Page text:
So first picture is some Russian helmets primed with Alclad white on one side and gradiently to Black where the sun don't shine. (I know "gradiently" is not English) put you get the idea.
Second picture is a whole spray with some kind of luminous green Mr Paint does, it gets darker on one side, very light on the other.
Actually quite a lot of layers of yellow. Being sort of inks those create a very subtle overlay.
Those effects I used to work with GW inks, but they don't dry that fast while the Mr Paint does very quickly. And they also leave a very nice glow / glossy effect.
The final picture show a corner of a diorama I am working on. I used several other coats when the elements were in place.
so I ticked "done" in front of the "diorama with sea through water showing a vehicle in it" line
Here is the second from the plane series, a 1/48 diorama with sea through water. i didn't build any base yet and I think it ought to get one. the colours are that vivid on the original diorama
See gallery here
I decided I would make a sort of "off" to my recent "View From a Bridge" diorama. That's it, doing the opposite of it, to sort of place it out of this earth.
Anyway, i started building this kit, the De Havilland Vampire as made by Trumpeter that has been described by some dude on a British forum as one of the worst kit of the decade.
So plenty to see ibn the work on Alclad, shades and all (please note the bluish tint on the underside)
But then I needed something to figure the recesses between the panels as well as some local shadows too (the highlights being provided by Mr Color's Silver), so here is AMMO stuff to the rescue! I tried the grimes sort of products on the top of the silver but it really didn't work, however, using these Kursk soil as well as rthe tracks washes really did the trick, even though the picture is a bit blured and some effects eaten by the reflection of light..
Here is the View From a Bridge diorama, based on a picture of a F-8 Crusader that missed the bridge of an Aircraft Carrier.
I call that one not so much affectionnaly the 150€ diorama, because this is roughly what it cost me. The kit, the cockpit detail set, the figure (heavily modfied of course), the resin, the slicon etc etc. And I don't even count the 3 or 4 brushes ruined or the cost of the paint .
I also sort of blame this diorama as being a "Tory diorama", I mean, perhaps too classic, based on an actual picture etc.. Still I am very proud of my sea, and this is the first 1/72 plane kit I build in about 30 years!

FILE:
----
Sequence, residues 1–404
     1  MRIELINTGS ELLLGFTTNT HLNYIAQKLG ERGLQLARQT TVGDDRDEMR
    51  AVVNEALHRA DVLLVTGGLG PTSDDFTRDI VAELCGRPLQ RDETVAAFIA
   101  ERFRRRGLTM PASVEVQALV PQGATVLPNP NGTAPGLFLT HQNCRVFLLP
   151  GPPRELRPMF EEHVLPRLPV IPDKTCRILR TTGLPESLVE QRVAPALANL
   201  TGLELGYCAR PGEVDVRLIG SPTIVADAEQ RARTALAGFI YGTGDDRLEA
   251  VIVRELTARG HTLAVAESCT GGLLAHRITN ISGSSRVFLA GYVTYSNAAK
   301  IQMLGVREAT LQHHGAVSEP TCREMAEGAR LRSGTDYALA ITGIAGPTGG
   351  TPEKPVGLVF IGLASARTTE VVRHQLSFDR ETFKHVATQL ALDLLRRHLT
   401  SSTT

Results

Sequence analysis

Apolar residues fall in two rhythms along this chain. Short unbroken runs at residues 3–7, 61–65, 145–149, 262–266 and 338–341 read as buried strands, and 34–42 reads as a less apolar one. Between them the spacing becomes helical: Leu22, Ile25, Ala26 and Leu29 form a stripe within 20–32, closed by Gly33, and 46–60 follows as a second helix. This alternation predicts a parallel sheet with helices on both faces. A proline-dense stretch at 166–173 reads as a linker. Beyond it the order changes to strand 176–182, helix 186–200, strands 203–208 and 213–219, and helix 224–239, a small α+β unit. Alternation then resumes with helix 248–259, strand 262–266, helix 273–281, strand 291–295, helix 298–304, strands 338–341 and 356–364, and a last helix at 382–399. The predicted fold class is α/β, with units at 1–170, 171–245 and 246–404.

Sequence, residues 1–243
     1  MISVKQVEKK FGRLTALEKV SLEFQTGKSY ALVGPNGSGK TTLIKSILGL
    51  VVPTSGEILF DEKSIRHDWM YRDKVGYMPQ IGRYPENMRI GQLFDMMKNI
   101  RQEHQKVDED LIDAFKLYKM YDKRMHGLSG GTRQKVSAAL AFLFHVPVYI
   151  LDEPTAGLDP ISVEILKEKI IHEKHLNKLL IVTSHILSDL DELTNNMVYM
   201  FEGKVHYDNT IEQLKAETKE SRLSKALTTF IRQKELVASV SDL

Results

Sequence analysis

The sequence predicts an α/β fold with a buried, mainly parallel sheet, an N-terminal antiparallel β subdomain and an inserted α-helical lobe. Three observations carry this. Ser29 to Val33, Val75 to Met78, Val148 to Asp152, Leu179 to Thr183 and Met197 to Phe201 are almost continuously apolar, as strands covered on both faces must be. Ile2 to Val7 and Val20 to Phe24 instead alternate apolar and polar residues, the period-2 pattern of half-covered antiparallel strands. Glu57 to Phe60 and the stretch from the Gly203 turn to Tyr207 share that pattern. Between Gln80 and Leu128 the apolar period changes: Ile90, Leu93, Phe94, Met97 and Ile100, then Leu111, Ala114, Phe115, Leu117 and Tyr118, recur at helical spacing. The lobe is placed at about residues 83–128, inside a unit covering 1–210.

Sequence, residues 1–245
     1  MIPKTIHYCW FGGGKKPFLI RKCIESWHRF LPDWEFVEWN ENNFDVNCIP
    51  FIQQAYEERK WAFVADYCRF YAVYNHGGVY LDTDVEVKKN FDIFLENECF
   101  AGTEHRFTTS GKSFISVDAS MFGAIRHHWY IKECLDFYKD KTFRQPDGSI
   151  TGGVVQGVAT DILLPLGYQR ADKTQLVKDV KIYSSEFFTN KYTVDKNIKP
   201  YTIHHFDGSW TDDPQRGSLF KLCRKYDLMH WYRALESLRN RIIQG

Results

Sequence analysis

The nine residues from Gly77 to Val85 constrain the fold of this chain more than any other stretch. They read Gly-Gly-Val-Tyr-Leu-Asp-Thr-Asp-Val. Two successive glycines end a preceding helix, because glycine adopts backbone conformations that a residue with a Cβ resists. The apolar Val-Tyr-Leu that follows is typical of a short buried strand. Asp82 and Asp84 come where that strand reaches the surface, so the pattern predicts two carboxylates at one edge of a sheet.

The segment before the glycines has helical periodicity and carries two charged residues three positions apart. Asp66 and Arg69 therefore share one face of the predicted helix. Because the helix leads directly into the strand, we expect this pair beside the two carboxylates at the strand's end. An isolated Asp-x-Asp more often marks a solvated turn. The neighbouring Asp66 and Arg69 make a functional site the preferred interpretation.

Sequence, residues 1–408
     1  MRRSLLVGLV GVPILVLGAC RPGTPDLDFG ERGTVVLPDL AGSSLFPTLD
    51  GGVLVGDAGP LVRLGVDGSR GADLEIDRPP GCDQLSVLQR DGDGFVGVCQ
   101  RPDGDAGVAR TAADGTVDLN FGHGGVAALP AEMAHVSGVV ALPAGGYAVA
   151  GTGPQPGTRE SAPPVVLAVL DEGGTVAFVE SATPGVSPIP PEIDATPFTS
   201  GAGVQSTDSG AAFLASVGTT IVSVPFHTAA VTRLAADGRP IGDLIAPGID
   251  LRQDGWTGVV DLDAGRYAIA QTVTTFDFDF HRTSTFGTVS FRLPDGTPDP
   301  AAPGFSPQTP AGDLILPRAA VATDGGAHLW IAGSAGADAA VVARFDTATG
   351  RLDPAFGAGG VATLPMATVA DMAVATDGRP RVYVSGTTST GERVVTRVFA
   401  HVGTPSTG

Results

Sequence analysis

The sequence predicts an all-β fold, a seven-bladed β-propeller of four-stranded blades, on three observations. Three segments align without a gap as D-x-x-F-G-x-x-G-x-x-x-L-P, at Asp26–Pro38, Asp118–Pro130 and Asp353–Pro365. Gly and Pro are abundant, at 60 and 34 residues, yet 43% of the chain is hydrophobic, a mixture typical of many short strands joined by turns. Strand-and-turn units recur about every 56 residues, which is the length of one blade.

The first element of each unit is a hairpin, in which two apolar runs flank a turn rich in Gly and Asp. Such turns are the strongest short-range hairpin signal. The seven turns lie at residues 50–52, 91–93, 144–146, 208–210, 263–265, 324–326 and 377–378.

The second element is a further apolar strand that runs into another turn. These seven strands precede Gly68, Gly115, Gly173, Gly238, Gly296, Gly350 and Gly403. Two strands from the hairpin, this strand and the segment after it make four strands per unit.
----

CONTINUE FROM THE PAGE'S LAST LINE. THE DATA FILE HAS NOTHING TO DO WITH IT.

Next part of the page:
Please see gallery here
Plane model making.. applied for a diorama of course. It is an expensive and very hard hobby..
Anyway, I used AMMO's version of Kursk-like terrain to weather a Academy F-8 Crusader, and yes it certainly does do the trick!
And here is a close up picture of the completed diorama i am going to post tomorrow around 6PM French time
That's a hobby sort of posting. I recently bought Uschi van der Rosten's metalic pigments and well, I used to know Alex before he was Uschi you see and this kind of posts can't do him wrong.
So I spent the whole of last week thinking very loudly that plane modeling was the worst hobby on earth. I mean, scribbling the panels back after the Mr Surfacer, building and inserting a Aires cockpit in 1/72...
So what you see is the scratchbuilt underside of a F-8 Crusader wing. First image is after the Alclad work, not tops mainly because the needle is mostly out of service thanks to my usual rough handling of delicate material.
Second pic is me with some oil paints doing some sort of dark shadows -and mixing them with Uschi's metalic pigments (yeah it somehow worked). Then I found out that the pigments themselves were doing some nice shadows (3d pics). I had to take care of the Chrome one which is just too bluish for my tastes (and the current project). I then realized I could mix those pigments with regular AMMO like modeling ones, especially with blacks or greys..
4th picture is me using Uschi's trick, ie buffering the surface with a q-tip and miracle! it worked, you have a real high shine on a very tiny surface which here was the top of my wire layers, what I needed actually. Now for smaller q-tips.
Just fell i was using the stuff at about 20% of its capacities, but it was enjoyable. the real downside I see with this material is that Uschi didn't put out a wider range of colours. I would have loved a copper or gold tint, not to mention a bright silver -even if my buffering the steel pigments coat, I almost got some silver at one point.